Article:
I met my boyfriend three years ago on Twitter. We were following each other during that time, then one day tweets turned into GChat conversations, and GChat turned into Skype dates. When I moved back to DC last summer, we took it offline and soon after started dating. He was even cuter in person, funny, smart, intriguing, and he happened to be disabled.
When we first started dating he opened up to me about living with Spina Bifida and how it manifested for him. As time went on, my feelings started to grow for him and started really caring about him deeply. But I still had my concerns: What would people think about my disabled partner? What would my family say? What if people stare at us when we’re out on a date? How can I support him when he needs me?
Image: Nano Calvo via Zuma Press
It wasn’t my personal feelings and comfortwhen it came to dating a disabled man that I was worried about – it was other people’s reactions to my choice that really worried me. In some ways, those concerns were warranted because many people don’t understand what it means to date a disabled man, they don’t have real conversations about it, and they end up making very wrong assumptions about my partner and me.
The one question I’ve gotten more than once is probably one of the rudest questions I’ve ever heard, usually something along the lines of: “How do you have sex?,” or perhaps the more crass version: “Does his penis work?” I was asked this once by a colleague, and I had to fight the urge to shoot back, “Well, b*&^h, how do YOU have sex?” It’s extremely problematic because it assumes that disabled people can’t perform and, moreover, can’t be sexually appealing. My boyfriend has been told to his face that he’s half a man, so how can he possibly please me? I won’t go into detail about my sex life, but I will say that sex isn’t much different whether you’re with an able bodied person or a disabled person, and I’ve never had doubts about my partner’s ability to please me.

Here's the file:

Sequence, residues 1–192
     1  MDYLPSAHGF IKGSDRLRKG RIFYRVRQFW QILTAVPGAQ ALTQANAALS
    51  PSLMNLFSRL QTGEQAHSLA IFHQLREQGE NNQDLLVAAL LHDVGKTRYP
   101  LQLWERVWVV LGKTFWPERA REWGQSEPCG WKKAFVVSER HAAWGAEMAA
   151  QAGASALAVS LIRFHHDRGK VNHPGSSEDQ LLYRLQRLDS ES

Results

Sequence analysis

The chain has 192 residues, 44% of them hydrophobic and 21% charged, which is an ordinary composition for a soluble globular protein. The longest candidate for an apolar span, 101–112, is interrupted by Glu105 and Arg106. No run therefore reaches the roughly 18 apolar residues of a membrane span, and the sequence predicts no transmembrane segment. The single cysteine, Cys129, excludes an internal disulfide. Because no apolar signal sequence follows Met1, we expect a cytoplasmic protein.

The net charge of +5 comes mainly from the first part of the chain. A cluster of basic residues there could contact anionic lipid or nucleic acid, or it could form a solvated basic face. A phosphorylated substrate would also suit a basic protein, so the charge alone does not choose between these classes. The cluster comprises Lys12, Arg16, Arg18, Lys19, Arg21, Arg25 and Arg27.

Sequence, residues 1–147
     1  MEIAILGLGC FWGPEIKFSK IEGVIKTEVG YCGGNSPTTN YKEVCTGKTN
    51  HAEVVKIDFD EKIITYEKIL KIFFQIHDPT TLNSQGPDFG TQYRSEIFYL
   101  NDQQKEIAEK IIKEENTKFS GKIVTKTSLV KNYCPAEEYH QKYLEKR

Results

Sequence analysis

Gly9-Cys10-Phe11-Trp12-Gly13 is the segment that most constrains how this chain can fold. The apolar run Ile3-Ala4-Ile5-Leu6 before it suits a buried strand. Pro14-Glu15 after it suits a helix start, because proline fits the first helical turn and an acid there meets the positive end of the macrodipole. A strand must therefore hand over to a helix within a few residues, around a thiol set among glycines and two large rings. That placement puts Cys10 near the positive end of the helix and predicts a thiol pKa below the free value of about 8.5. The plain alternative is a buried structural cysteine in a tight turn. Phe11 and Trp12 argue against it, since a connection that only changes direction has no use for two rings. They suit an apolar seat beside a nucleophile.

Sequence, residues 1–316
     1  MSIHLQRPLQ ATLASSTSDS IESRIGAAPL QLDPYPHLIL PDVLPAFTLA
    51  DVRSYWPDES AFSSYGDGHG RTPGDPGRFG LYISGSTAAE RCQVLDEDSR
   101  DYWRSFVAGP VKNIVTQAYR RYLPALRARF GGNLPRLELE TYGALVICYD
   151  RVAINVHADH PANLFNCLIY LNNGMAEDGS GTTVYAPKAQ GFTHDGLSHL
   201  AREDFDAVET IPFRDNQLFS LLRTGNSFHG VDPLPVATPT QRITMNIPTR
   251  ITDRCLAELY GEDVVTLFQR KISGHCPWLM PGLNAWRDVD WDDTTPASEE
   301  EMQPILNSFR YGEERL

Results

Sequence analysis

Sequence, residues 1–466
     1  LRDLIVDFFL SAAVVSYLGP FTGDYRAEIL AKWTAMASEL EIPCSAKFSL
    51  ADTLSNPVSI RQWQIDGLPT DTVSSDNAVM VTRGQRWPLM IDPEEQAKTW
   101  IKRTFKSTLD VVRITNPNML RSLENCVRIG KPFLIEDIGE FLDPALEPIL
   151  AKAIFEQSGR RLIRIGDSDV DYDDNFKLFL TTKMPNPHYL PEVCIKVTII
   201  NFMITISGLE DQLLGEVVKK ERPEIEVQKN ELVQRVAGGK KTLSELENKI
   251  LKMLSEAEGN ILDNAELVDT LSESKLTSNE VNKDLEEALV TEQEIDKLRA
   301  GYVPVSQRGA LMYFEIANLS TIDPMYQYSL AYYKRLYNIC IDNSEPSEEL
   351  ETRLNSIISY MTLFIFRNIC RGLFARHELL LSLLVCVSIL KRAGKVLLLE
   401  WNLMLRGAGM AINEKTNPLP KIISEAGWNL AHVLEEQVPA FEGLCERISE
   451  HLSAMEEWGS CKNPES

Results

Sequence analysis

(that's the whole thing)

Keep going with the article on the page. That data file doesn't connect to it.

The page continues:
Another assumption that a family member made was that I had no other options in terms of men to date, so I somehow “settled” for a disabled man. This one is doubly offensive, because not only does it play into this idea of Black women being unable to “find a man,” it also assumes that disabled men aren’t worth dating simply because they have a disability. I am with my boyfriend because I love him and because of the way he makes me feel when we are together. I’ve never met anyone else who was so open and so ready and available to love. Why would I pass up the chance to be with such a great guy? Being with someone who has a physical disability isn’t settling; being with someone who is emotionally unavailable would be.
So where do these assumptions come from? Dating a disabled person isn’t something that people talk about often (if at all), but it’s safe to say that these assumptions are rooted in ableism—social prejudice about people with disabilities. When you assume that disabled people can’t perform sexually or aren’t dateable you are buying into the idea that able-bodied people are the norm. It is something that my partner deals with daily, and as his girlfriend I had to check my own attitudes that might have been ableist. I don’t get it right 100% of the time, but I can say that being with him has made me think differently about what our societal norms are and how I can be not just a better partner but a better ally.
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